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Last August, Apple said it was doing $30 million a day in sales via the iPhone. ((Ed Ou/Associated Press))

A funny thing happened on the way to the mobile Web. Suddenly it's no longer about the Web browser.

Ironic, considering that the World Wide Web and the Web browser, created in 1990 by Tim Berners-Lee, are now eating desktop applications alive. The Web has become the vehicle for our consumption of everything from video clips to news to messages from friends and family.

Start-up Mint, a Web site that helps organize its customers' financial lives, is thriving. Microsoft, by contrast, is pulling the plug on Microsoft Money. Salesforce.com's Web-based business applications have gone from unorthodox to mainstream. Even Microsoft's ever mighty Office software franchise is being challenged by Google, Zoho and others hawking Web-based word processors and spreadsheets.

It has become easy to forget, however, that the Web and the Internet are two different things. A Web browser is just one of many ways the Internet can be put to use. And Apple has reminded us of that by tearing off a small piece of the very big universe that is the Internet and creating a very different set of rules than those that apply to the Web. And lately it is that parallel world, rather than the Web, that has begun to matter most to the future of the mobile Internet.



That's because Apple Chief Executive Steve Jobs has done more than just slapping a Web browser on the iPhone — Apple has created a rich set of tools for delivering and monetizing content and services. Then it has paired them with rules that tear control away from the companies that have dominated the Web for so long.

Unlike the Web, for example, Apple has put the ability to charge small amounts of money at the center of its system for distributing iPhone applications, linking its App Store to the billing system in its iTunes digital media store. The result: Developers can charge as little as 99 cents for an application without the need to invest in a serious billing infrastructure.

This month's release of Apple's iPhone OS will take that idea further, allowing developers to charge for small slices of digital content, such as city maps for navigation applications, virtual weapons for online games and extra content for digital publishers. Suddenly, a lot of people whose content and services had been commoditized by the Web have a shot at getting back in business.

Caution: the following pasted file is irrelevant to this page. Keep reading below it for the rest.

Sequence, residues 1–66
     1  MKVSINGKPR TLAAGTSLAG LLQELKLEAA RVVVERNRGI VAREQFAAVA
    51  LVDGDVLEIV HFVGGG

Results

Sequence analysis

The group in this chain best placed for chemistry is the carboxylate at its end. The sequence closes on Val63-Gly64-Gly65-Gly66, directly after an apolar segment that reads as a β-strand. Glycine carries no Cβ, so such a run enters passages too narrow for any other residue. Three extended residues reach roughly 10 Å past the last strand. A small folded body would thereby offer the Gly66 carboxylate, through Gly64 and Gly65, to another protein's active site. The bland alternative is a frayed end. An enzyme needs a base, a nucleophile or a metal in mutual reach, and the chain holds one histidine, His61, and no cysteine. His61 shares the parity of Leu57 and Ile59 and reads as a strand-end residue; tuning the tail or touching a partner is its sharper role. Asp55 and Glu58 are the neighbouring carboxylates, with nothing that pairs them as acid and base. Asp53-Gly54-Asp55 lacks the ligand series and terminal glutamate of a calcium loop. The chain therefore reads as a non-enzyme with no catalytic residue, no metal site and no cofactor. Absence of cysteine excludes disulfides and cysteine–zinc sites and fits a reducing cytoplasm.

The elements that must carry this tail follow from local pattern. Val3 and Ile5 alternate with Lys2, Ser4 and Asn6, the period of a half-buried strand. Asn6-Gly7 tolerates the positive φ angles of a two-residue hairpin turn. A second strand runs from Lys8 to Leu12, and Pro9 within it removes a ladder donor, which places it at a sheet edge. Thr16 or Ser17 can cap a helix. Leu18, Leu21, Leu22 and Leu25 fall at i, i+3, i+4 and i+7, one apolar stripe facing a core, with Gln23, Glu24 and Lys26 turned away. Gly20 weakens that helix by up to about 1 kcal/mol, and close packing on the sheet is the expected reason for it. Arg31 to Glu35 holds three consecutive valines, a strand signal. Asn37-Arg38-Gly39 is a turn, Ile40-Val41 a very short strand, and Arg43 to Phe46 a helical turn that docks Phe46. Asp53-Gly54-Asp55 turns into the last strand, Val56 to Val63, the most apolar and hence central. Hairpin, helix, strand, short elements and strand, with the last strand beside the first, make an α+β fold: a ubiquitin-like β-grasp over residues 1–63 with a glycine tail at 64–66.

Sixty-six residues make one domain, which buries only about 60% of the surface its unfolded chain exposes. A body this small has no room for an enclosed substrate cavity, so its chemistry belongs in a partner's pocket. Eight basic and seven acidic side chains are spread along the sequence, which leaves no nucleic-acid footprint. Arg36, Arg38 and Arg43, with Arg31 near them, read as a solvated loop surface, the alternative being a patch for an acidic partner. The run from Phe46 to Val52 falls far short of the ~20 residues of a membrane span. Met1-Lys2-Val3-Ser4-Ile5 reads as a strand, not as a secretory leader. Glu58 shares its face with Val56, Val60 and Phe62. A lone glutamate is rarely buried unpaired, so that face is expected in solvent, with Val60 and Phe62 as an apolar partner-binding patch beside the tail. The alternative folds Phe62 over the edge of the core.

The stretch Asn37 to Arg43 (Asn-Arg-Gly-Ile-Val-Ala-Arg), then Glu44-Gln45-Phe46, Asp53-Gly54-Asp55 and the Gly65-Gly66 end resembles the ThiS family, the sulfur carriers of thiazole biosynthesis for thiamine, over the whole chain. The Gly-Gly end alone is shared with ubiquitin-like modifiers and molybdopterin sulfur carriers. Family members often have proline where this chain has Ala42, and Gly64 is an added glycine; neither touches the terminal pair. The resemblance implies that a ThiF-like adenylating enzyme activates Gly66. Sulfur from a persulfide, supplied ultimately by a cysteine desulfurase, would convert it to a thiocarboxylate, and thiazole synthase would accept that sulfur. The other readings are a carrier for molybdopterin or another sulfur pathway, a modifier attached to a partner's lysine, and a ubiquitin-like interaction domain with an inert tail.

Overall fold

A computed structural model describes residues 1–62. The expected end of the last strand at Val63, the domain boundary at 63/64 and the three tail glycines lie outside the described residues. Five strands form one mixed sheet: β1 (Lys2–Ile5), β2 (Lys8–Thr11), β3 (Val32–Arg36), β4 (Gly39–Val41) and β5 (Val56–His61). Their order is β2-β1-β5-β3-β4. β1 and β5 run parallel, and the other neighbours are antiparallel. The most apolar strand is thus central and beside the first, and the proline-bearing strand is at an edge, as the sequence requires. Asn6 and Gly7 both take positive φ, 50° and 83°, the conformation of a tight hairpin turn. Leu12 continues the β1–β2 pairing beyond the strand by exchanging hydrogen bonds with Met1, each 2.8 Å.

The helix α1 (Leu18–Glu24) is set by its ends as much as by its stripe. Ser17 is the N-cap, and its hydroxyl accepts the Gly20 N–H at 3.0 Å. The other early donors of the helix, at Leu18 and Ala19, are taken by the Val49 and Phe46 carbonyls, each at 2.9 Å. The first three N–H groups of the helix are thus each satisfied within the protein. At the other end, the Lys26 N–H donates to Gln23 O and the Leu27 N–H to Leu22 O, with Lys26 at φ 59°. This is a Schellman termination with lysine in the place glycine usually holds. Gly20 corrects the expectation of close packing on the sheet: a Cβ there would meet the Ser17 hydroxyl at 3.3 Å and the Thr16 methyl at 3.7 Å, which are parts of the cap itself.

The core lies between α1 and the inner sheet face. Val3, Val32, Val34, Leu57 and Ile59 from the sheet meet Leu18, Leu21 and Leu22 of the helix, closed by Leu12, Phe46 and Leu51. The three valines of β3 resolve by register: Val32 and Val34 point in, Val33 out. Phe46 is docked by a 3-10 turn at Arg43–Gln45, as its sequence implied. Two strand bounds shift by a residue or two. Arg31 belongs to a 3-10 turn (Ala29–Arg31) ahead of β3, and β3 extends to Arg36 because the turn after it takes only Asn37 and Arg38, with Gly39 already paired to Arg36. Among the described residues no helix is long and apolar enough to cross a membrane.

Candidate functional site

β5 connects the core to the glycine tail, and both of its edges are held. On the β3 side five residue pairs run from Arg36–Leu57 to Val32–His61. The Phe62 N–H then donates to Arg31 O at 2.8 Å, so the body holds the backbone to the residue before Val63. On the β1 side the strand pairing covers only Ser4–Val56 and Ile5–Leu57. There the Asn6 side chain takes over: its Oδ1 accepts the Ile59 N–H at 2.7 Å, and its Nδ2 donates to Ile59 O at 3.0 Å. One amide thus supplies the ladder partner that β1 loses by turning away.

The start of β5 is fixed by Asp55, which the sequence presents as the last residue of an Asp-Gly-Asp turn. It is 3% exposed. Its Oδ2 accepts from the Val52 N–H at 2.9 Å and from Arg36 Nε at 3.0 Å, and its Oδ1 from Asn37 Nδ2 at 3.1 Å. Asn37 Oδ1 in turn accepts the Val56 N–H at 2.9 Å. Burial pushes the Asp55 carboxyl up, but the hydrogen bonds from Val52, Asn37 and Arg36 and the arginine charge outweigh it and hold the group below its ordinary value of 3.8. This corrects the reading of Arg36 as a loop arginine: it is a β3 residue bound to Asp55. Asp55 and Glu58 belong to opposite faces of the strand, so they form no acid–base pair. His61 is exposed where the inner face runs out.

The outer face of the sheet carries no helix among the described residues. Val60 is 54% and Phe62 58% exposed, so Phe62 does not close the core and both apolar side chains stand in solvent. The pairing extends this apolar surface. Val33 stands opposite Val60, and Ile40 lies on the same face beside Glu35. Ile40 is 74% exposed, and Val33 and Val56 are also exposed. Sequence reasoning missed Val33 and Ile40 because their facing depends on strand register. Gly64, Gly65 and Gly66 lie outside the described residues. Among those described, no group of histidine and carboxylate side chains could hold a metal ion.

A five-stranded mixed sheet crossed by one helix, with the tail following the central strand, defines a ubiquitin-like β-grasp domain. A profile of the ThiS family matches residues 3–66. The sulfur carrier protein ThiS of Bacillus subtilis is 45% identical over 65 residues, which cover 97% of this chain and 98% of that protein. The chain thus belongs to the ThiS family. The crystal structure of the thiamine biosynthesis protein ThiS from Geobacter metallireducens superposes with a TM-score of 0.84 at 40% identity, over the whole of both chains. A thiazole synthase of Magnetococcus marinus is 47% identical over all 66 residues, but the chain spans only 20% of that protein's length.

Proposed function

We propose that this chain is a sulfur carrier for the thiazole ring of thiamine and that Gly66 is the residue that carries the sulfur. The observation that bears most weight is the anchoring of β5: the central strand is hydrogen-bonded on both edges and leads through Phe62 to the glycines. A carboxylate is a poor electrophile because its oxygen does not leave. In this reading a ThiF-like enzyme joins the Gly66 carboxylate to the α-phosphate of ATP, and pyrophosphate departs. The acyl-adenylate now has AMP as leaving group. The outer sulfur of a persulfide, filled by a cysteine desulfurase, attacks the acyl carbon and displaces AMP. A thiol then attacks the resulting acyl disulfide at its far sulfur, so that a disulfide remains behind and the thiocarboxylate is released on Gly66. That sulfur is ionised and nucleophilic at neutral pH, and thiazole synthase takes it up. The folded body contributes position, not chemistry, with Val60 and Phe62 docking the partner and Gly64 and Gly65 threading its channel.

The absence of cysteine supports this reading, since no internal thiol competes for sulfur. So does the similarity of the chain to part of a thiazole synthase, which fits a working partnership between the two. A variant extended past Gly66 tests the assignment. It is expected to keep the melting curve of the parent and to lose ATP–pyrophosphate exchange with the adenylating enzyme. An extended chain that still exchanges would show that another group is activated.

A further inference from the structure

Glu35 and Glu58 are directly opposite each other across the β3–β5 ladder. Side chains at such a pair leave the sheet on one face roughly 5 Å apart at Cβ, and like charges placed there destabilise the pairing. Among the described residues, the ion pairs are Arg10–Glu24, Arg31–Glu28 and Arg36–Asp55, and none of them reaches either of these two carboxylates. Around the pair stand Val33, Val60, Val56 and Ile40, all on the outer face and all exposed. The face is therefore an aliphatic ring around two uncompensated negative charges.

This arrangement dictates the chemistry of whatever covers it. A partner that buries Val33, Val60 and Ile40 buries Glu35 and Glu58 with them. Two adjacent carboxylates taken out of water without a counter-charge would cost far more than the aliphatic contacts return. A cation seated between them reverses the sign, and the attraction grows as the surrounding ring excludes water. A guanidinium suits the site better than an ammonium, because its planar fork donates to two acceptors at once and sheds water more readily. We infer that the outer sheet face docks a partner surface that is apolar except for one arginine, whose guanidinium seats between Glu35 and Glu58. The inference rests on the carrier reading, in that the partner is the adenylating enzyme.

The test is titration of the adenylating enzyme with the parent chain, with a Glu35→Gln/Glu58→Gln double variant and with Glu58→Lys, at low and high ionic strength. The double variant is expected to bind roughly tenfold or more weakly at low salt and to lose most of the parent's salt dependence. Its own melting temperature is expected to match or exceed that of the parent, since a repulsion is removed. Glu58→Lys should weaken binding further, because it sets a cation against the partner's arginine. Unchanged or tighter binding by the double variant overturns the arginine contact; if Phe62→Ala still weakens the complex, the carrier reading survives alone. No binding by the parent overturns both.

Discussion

And Apple, of course, has placed itself at the center of this little world, approving which applications can be distributed through its App Store and how they can behave. Last August, Jobs said Apple was already doing $30 million a day in sales via the iPhone, with Apple pocketing a 30 per cent cut of each sale.

It is undoubtedly doing much more than that today. Apple now offers more than 50,000 applications for the iPhone and iPod touch through its App Store. In April, Apple announced iPhone users had downloaded 1 billion applications through the App Store.

So who loses? Some of those who won big on the Web, for starters. The App Store takes power away from portals such as Yahoo!, Google and MSN, which aggregate information from around the Web.

Suddenly, content owners had the tools to create interfaces more closely tailored to what they had to offer. The result: A newspaper publisher's iPhone application could offer a better way to read its articles than the Web — or even print.

Certainly the Web is a powerful force on the iPhone. Traffic from the mobile edition of Safari, Apple's Web browser, is one of the largest contributors of traffic to Web sites from mobile devices. Many more sites will create slimmed-down versions of themselves tailored to the iPhone's screen. Google, meanwhile, has turned its Gmail e-mail service into a showcase for the power and responsiveness of Web-based mobile applications.

The problem, however, isn't that the Web can't be made to work well on a mobile device. It's that Apple's mobile devices show that tailored, Internet-connected applications can be better than what the Web can do on its own — whether it's served up on a small screen or a big one.